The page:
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Breaking Down the 2010 Free Agent Contracts


Darren Urban of the Cardinals’ official website addressed the contracts of the 2010 free agency crop, including Joey Porter, Derek Anderson, Paris Lenon, and Rex Hadnot.  While Anderson and Porter’s contracts are sizable, Urban believes both give the Cardinals some leeway after one season if the team goes in a different direction. 

Joey Porter naturally received most of the attention because he’s the “big fish” this off-season.  Urban explains Porter’s contract:

According to the NFL Players Association, Porter’s three-year contract — worth a reported $17.5 million — provides Porter with a $1.25 million salary in 2010 and $5.75 million salaries in 2011 and 2012. Assuming the $17.5 million is correct, that gave Porter $4.75 million in bonuses or other non-salary money. Even if all that money is up front, that’s $6 million for 2010, not an out-of-whack up-front commitment. (UPDATE: Hat tip to Mike Sando, who saw the post and let me know Porter’s signing bonus was $4 million with workout bonuses of $250,000 each season. Seeing Porter work out the first couple days, I am guessing he’ll collect that money, but it also means “just” $5.5 million in 2010.)”

Perhaps there are those that feel Porter’s money should have been put towards re-signing Dansby.  It’s fair issue to bring up, but it’s easily resolved. 

First, the Cardinals attempted numerous times to coax Dansby into re-singing for a “reasonable” amount, including a reported 11th hour offer on the day Miami signed him.  At that time, it seemed the Cardinals at least made an offer to compete with whatever the Dolphins were kicking around.  There’s little doubt, however, that the Cardinals’ numbers were less than what Miami was willing to pay.  It’s relatively safe to assume that if the Cardinals matched the Dolphin’s offer Dansby would have come back to Arizona.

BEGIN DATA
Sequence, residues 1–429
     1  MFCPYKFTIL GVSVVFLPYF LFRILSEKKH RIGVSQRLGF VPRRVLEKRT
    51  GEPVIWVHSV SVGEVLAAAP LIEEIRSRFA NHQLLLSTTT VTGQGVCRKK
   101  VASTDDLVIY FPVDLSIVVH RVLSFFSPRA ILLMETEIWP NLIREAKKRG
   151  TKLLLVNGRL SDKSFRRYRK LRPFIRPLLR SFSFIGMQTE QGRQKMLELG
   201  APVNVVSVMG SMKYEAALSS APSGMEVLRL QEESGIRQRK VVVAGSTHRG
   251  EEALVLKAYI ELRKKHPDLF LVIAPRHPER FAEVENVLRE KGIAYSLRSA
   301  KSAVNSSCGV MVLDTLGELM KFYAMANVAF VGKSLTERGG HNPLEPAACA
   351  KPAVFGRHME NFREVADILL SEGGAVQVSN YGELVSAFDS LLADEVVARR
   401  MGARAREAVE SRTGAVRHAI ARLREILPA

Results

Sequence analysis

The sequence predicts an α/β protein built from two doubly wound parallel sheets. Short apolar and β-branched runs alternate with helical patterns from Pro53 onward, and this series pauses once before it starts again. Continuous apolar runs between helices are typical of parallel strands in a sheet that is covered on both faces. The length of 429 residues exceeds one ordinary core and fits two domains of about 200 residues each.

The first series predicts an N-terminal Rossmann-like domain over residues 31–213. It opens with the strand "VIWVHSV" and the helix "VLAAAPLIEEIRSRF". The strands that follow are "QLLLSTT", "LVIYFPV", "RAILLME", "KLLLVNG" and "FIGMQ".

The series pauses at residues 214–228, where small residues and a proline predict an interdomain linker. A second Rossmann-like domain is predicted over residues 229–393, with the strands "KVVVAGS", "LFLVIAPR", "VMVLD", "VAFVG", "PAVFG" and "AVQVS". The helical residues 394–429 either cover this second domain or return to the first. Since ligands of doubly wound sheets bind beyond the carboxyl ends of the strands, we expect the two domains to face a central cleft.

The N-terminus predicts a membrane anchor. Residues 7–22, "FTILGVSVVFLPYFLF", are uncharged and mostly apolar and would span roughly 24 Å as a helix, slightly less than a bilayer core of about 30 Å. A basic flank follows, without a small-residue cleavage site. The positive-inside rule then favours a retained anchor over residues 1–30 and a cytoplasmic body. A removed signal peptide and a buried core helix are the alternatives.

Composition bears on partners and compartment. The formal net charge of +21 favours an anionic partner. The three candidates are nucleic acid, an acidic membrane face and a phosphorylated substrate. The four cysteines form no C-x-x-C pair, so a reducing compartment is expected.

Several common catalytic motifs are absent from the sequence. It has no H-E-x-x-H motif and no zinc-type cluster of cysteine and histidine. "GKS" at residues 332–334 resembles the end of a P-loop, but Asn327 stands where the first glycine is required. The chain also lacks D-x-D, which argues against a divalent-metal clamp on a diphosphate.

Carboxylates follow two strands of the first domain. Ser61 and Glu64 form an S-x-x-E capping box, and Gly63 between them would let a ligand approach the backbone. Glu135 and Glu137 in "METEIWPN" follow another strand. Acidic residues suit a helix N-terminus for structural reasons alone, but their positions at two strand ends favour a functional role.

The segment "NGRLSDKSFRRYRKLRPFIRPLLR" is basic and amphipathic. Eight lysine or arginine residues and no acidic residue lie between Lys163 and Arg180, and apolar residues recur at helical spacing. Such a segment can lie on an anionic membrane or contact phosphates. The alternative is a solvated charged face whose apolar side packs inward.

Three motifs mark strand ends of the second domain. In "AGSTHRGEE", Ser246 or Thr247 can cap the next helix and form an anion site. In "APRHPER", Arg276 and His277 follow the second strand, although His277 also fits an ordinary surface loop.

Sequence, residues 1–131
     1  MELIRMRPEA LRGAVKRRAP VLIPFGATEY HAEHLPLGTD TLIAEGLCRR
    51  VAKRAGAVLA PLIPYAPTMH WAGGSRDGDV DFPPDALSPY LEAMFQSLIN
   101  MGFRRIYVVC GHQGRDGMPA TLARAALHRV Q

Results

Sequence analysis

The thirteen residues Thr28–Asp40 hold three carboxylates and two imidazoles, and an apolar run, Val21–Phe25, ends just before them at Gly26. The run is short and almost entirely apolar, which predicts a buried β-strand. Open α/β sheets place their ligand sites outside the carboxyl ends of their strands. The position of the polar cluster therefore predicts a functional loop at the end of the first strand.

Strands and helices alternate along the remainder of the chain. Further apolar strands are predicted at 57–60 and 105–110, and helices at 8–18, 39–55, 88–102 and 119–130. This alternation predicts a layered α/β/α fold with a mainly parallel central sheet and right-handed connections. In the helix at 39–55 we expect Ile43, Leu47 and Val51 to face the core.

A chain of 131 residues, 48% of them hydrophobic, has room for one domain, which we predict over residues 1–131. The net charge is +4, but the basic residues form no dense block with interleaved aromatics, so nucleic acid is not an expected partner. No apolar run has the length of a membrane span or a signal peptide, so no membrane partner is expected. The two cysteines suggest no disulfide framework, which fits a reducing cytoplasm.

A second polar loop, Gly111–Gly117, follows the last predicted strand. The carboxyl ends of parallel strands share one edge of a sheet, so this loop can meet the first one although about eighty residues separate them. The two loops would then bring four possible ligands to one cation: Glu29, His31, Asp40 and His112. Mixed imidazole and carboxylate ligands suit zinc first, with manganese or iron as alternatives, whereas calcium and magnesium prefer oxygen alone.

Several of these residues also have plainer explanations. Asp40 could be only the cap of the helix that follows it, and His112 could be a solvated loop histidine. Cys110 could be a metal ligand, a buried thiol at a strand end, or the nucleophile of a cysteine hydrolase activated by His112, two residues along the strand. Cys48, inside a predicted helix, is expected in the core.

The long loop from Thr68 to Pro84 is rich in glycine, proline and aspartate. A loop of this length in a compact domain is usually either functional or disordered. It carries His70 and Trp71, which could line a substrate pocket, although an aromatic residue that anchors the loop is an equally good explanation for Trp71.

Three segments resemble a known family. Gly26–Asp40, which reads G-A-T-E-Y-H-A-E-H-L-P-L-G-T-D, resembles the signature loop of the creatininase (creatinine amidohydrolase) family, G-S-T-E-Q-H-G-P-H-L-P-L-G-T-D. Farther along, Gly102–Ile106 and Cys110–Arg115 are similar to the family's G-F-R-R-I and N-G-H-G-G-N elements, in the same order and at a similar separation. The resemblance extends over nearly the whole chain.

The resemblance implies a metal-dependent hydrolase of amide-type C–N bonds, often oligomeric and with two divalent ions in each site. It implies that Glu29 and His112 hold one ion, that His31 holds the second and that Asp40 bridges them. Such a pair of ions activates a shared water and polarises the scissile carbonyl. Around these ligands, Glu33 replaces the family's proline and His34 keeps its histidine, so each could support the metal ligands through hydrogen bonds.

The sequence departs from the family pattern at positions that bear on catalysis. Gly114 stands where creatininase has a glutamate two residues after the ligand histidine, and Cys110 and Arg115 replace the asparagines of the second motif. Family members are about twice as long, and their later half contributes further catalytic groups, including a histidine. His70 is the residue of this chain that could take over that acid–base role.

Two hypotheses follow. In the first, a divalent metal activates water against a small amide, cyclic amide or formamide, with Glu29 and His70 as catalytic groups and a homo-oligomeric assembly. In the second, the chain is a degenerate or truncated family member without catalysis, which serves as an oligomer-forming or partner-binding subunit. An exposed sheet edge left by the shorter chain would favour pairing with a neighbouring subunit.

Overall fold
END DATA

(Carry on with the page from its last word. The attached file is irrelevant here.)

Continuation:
Second, Dansby and Porter’s contracts aren’t even close.  The Dolphins will pay Dansby more than $16 million in 2010, according to the NFL Players Association.  That breaks down as an $11.6 million signing bonus, plus $4.8 million in base salary.  The remainder of Dansby’s five-year, $43 million contract ($22 million guaranteed) breaks down as follows: $2.7 million in 2011, $8.8 million in 2012, $6.05 million in 2013 and $9.05 million in 2014.  In other words, Porter’s entire 3-year contract is only $1.5 million more than Dansby’s first year.  To argue that the Cardinals paid Porter essentially what Miami paid Dansby is ludicrous.  If the Cardinals slightly overpaid for Porter, the Dolphins grossly overpaid for Dansby.

Darren Urban also addressed Anderson, Leinart, and Lenon’s contracts:

Anderson’s deal was worth a reported $7.25 million for two seasons. His salary for 2010 is just $650,000 (with approximately $2.7 million in bonus money) before jumping to $3.9 million in 2011.  Again, a fair split for a quarterback and also workable if the Cards decide to quickly go elsewhere at the position.  Much has been made about how much Matt Leinart will make in 2011 if he stays under his current deal (north of $12 million for sure, and more if he plays really well) but the Cards are clearly trying to stay flexible at the position.

Lenon is schedule to make $900,000 in salary this season before $1.4 million salaries in 2011 and 2012, while Hadnot’s salaries on a three-year deal break down to $1 million this year and $1.5 million in 2011 and 2012.”

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